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Electroscope for physics classes and technical courses (ART448E)

In the technical courses of electronics and in the second grade schools the presence of electric charges in the bodies is studied as part of the Physics denominated Electrostatic. The use of an electroscope for practical experiments is common, but the old version of gold leaf can be replaced with an electronic version. Likewise, static charges are dangerous and may affect the integrity of delicate components, such as CMOS chips widely used in digital logic, computers, microprocessors, etc. A simple means of detecting whether or not an object is charged with static electricity is through the use of an electroscope. A circuit for this purpose is what we described in this article.

Just touching a delicate component on an object charged with static electricity can irreversibly damage it. And this is not so hard to come by: a person who walks on a carpet on a dry day can get a load that raises their potential to more than 5,000 volt easily!

In physics labs we are accustomed to seeing a simple apparatus that detects the presence of charges stored in a body which is the electroscope of sheets shown in figure 1.

 

Gold Sheets electroscope
Gold Sheets electroscope

 

 

However, besides this device being uncomfortable to use except in classroom demonstrations, its sensitivity is not the greatest. The electronic version we present in addition to being extremely sensitive to use electronic components, can be transported with ease and is quite simple to assemble.

Physics and electronics teachers can count on a sophisticated electroscope based on the principle of operation, sensitive by the technology but simple to assemble if they adopt this project. Using a field effect transistor as a basic element loads of small objects like pens, combs, plastic rulers and even component packaging can be detected with ease.

 

HOW IT WORKS

A field effect transistor has the current between its drain and the source controlled by the voltage applied to its gate. This component has an extremely high input resistance, which means a very high sensitivity to the input signals.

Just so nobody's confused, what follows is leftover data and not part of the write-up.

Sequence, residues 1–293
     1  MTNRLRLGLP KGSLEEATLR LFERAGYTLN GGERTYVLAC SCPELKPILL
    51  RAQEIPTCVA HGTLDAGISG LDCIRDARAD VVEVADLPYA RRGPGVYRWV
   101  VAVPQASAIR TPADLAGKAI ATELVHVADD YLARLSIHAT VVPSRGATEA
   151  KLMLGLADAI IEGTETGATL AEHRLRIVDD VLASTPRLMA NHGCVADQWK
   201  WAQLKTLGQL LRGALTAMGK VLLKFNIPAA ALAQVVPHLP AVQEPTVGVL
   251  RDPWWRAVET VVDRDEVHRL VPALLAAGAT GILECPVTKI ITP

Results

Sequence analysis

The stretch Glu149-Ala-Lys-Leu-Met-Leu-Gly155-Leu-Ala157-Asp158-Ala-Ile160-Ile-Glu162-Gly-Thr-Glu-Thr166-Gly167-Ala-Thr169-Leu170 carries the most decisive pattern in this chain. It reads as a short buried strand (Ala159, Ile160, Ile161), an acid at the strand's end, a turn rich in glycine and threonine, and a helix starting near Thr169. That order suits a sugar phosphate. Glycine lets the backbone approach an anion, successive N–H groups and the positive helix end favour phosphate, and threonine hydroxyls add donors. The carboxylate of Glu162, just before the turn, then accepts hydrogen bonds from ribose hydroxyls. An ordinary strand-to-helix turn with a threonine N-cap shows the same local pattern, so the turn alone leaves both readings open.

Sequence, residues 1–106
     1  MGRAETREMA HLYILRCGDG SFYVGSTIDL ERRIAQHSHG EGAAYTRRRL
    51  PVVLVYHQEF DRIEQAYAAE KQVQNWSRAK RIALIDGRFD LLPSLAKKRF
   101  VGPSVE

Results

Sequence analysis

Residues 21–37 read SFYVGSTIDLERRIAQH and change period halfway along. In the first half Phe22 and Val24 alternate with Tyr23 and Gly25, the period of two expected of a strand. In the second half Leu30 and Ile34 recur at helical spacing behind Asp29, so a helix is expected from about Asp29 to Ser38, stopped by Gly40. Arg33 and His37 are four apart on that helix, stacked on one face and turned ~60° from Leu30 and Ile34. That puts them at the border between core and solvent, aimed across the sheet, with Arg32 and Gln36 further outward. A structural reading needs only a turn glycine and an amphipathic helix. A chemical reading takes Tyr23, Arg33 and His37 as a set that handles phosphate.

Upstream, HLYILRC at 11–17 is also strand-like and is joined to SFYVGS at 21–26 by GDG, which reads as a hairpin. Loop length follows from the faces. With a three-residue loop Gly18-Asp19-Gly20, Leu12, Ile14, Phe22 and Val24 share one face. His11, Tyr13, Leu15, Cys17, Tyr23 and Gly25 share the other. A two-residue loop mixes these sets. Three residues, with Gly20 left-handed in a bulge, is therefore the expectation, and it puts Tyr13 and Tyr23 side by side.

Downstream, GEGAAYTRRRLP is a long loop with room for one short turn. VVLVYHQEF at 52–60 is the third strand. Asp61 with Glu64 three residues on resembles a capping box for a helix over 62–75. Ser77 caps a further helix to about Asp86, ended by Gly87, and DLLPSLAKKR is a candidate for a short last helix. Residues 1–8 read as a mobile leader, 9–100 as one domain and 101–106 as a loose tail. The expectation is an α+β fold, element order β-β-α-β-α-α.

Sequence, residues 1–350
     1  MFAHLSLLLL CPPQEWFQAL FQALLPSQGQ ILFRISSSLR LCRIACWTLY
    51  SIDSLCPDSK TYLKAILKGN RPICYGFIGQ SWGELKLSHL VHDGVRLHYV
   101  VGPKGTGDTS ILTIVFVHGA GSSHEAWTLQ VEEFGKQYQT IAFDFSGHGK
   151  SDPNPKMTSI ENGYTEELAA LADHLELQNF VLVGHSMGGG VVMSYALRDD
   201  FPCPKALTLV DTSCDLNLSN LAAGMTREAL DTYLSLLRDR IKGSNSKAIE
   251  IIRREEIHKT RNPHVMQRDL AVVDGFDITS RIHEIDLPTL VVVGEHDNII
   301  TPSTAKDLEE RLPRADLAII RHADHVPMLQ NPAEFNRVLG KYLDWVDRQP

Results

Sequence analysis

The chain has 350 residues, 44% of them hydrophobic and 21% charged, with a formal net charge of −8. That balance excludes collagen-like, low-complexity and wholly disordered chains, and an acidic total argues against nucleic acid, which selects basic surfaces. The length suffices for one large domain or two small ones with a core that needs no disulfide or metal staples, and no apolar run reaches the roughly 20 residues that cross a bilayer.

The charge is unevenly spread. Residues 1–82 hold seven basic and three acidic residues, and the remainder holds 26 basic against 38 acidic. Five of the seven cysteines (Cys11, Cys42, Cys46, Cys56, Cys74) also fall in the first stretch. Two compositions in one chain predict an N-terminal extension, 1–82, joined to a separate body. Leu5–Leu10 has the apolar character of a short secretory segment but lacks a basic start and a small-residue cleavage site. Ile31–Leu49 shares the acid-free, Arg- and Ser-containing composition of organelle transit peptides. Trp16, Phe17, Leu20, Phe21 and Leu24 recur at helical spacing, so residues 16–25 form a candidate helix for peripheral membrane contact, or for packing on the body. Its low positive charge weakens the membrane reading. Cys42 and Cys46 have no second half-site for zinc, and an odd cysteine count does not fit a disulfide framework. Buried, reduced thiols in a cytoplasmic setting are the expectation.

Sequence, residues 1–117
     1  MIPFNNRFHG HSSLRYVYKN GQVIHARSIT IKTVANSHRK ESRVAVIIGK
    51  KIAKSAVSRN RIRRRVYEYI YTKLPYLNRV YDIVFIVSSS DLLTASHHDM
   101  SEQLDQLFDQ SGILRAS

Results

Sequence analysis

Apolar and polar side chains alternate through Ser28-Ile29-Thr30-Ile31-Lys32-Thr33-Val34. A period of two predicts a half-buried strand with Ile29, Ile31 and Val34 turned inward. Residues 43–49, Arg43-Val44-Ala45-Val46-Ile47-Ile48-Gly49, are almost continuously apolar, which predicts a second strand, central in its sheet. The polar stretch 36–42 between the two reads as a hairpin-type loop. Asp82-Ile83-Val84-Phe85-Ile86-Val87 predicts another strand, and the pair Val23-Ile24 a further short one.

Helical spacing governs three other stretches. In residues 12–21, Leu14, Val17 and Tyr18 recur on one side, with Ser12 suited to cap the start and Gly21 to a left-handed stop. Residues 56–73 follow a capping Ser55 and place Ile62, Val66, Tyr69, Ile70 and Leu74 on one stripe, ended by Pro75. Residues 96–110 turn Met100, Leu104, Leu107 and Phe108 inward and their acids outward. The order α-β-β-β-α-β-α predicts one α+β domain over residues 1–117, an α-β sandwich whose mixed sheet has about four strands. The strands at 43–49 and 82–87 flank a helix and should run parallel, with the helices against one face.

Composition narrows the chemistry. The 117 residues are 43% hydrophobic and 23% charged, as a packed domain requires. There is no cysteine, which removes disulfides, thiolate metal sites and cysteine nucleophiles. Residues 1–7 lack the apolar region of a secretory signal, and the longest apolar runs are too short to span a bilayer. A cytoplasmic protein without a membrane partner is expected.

Thus, if an electrode that may be a metal ball or a copper ring is connected to the gate, any static charges of an approaching object can induce a voltage high enough to change the current flow between the drain and the source of the field effect transistor, as shown in figure 2.

 


 

 

In order to visualize then any variation of the drain current of the transistor it is sufficient to connect an indicator like for example a microammeter. In our case, what we do is connect the transistor and three more resistors to form a Wheatstone bridge. By balancing the bridge with no loads near the sensor, we can have the instrument needle in the center of the scale (the meter is zero-type in the center).

This means that depending on the polarity of the load we approach the sensor. The current may increase or decrease, unbalancing the bridge. Thus, it is enough to observe the movement of the instrument needle so that we can not only have an idea of the amount of charge stored in a body but also determine its polarity.

The power supply for the device can be made with 4 small ordinary batteries or a 9V battery. As the consumption is extremely low the battery life or battery life will be very great.

An important point to note in this project is that the transistor used as an amplifier is also extremely sensitive to high static charges. Thus, if the charged body is touched in the sensor and its charge is too high we risk the transistor to burn. This should be avoided.

 

ASSEMBLY

In figure 3 we have the complete diagram of the electroscope.

 

Complete diagram
Complete diagram